IDEAS home Printed from
   My bibliography  Save this article

The recent pervasive external effects of residential home foreclosure


  • Robert W. Wassmer


The United States faced an ongoing foreclosure crisis in the late 2000s. Federal and state governments responded with public policies designed to reduce foreclosures. Such policies are economically appropriate if the cost to implement them is less than the negative private and public external effects of mortgage foreclosure. A hedonic home price regression calculates the value of these external effects for a large United States area (Sacramento, CA) hit particularly hard by the crisis over the period between January 2008 and June 2009. The selling price of an average non-real estate owned homes, due to the presence of real estate owned sales of neighboring homes, fell by $48,827 or 31.9 percent. This estimate of the external neighborhood effect far exceeds similar estimates from previous regression studies using data from before the late 2000s foreclosure crisis and likely justifies public intervention into the curtailment of a regional foreclosure crisis of this magnitude.

Suggested Citation

  • Robert W. Wassmer, 2011. "The recent pervasive external effects of residential home foreclosure," Housing Policy Debate, Taylor & Francis Journals, vol. 21(2), pages 247-265, March.
  • Handle: RePEc:taf:houspd:v:21:y:2011:i:2:p:247-265
    DOI: 10.1080/10511482.2011.567290

    Download full text from publisher

    File URL:
    Download Restriction: Access to full text is restricted to subscribers.

    As the access to this document is restricted, you may want to search for a different version of it.

    References listed on IDEAS

    1. William H. Rogers, 2010. "Declining foreclosure neighborhood effects over time," Housing Policy Debate, Taylor & Francis Journals, vol. 20(4), pages 687-706, September.
    Full references (including those not matched with items on IDEAS)


    Citations are extracted by the CitEc Project, subscribe to its RSS feed for this item.

    Cited by:

    1. Tammy Leonard & Nikhil Jha & Lei Zhang, 2017. "Neighborhood price externalities of foreclosure rehabilitation: an examination of the Neighborhood Stabilization Program," Empirical Economics, Springer, vol. 52(3), pages 955-975, May.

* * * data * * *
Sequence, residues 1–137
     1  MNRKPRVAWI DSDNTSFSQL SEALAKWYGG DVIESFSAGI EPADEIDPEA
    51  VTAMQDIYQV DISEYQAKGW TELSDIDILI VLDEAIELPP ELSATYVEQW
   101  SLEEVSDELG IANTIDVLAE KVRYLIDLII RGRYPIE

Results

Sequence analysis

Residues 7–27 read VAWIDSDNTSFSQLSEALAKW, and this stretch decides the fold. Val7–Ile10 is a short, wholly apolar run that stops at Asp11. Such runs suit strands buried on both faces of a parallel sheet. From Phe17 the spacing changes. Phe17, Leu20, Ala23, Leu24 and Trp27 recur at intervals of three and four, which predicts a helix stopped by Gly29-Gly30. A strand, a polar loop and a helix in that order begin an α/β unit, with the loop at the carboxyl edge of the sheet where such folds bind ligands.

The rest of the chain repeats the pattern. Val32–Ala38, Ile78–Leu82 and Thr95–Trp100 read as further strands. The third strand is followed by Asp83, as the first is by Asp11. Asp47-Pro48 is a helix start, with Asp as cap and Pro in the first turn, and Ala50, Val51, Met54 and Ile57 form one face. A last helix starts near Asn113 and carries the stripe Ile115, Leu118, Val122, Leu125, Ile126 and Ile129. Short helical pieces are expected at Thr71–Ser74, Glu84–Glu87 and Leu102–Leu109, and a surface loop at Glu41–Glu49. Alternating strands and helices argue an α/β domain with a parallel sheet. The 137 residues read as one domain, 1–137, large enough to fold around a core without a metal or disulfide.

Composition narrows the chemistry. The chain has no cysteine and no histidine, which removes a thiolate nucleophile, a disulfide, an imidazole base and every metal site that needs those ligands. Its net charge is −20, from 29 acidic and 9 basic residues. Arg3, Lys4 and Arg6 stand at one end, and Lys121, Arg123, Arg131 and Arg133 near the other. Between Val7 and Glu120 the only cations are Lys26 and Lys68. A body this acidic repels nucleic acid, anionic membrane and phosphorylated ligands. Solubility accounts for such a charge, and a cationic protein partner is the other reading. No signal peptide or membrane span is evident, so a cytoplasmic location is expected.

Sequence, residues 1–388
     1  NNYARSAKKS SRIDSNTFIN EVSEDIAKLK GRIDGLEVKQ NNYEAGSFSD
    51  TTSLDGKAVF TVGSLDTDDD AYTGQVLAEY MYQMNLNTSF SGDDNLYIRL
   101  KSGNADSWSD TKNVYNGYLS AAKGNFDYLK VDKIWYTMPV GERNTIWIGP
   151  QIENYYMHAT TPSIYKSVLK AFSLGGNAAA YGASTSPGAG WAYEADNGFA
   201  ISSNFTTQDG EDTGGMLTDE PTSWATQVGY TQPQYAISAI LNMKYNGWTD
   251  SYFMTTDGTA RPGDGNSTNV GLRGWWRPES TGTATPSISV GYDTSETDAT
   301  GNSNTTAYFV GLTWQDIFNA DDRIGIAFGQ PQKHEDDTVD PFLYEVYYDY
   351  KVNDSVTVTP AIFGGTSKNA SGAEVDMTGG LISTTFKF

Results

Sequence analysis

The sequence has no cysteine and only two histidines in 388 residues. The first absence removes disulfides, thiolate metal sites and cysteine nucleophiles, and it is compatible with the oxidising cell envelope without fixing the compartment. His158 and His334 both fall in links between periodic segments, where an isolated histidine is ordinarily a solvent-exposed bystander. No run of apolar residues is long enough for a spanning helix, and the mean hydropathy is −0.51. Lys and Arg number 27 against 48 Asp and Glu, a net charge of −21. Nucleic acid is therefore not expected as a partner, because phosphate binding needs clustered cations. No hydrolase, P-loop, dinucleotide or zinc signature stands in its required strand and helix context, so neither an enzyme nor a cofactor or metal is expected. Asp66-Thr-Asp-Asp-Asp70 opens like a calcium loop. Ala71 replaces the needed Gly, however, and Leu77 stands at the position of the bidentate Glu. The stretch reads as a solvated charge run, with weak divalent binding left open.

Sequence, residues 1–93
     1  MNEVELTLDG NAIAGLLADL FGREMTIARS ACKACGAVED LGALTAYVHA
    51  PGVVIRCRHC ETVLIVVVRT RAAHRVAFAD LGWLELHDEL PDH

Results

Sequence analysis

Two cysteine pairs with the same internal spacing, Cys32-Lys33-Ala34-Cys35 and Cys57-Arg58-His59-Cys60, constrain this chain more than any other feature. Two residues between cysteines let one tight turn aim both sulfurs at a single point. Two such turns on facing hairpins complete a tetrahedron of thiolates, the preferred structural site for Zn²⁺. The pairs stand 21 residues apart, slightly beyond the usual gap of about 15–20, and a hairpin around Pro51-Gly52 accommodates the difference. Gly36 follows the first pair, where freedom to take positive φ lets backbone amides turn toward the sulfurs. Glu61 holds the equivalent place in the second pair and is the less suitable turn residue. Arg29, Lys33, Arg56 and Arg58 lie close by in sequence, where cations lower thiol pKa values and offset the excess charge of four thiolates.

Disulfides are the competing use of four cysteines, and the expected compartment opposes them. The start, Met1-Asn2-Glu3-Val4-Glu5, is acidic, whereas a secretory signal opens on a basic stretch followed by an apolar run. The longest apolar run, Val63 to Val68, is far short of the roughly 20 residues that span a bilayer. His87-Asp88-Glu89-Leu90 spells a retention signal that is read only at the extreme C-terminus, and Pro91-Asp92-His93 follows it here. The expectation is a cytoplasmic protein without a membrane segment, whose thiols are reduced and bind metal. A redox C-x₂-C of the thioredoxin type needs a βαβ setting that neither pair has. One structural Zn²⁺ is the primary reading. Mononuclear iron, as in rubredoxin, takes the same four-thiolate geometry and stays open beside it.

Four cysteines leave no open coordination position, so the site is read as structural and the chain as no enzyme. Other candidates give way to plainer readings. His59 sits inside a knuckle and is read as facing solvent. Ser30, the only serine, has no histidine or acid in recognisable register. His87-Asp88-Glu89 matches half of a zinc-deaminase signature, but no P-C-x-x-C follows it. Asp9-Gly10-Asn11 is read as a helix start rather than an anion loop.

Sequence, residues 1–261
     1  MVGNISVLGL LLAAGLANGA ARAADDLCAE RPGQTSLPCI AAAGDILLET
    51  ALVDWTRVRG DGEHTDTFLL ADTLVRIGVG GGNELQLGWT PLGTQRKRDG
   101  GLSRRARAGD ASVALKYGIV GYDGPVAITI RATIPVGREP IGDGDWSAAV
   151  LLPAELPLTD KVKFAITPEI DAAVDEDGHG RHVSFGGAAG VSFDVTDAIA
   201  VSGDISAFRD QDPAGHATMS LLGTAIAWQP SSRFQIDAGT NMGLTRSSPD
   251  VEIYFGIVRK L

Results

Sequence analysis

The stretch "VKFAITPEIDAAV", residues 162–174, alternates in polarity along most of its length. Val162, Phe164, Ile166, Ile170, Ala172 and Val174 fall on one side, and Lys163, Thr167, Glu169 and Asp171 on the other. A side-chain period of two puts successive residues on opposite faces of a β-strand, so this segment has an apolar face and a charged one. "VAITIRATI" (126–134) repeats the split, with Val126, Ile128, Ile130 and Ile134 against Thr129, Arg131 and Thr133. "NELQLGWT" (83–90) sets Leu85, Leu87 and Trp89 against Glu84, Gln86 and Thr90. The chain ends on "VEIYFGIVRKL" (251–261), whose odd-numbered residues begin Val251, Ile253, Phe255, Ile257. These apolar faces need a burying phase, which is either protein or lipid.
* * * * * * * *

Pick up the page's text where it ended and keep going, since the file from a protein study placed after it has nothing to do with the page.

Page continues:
2. Johnson, Michael P. & Solak, Senay & Drew, Rachel Bogardus & Keisler, Jeffrey, 2013. "Property value impacts of foreclosed housing acquisitions under uncertainty," Socio-Economic Planning Sciences, Elsevier, vol. 47(4), pages 292-308.
    3. Keith Ihlanfeldt & Tom Mayock, 2016. "The Impact of REO Sales on Neighborhoods and Their Residents," The Journal of Real Estate Finance and Economics, Springer, vol. 53(3), pages 282-324, October.
    4. Timothy Jones & Dean Gatzlaff & G. Stacy Sirmans, 2016. "Housing Market Dynamics: Disequilibrium, Mortgage Default, and Reverse Mortgages," The Journal of Real Estate Finance and Economics, Springer, vol. 53(3), pages 269-281, October.

    More about this item


    Access and download statistics


    All material on this site has been provided by the respective publishers and authors. You can help correct errors and omissions. When requesting a correction, please mention this item's handle: RePEc:taf:houspd:v:21:y:2011:i:2:p:247-265. See general information about how to correct material in RePEc.

    For technical questions regarding this item, or to correct its authors, title, abstract, bibliographic or download information, contact: (Chris Longhurst). General contact details of provider: .

    If you have authored this item and are not yet registered with RePEc, we encourage you to do it here. This allows to link your profile to this item. It also allows you to accept potential citations to this item that we are uncertain about.

    If CitEc recognized a reference but did not link an item in RePEc to it, you can help with this form .

    If you know of missing items citing this one, you can help us creating those links by adding the relevant references in the same way as above, for each refering item. If you are a registered author of this item, you may also want to check the "citations" tab in your RePEc Author Service profile, as there may be some citations waiting for confirmation.

    Please note that corrections may take a couple of weeks to filter through the various RePEc services.

    IDEAS is a RePEc service hosted by the Research Division of the Federal Reserve Bank of St. Louis . RePEc uses bibliographic data supplied by the respective publishers.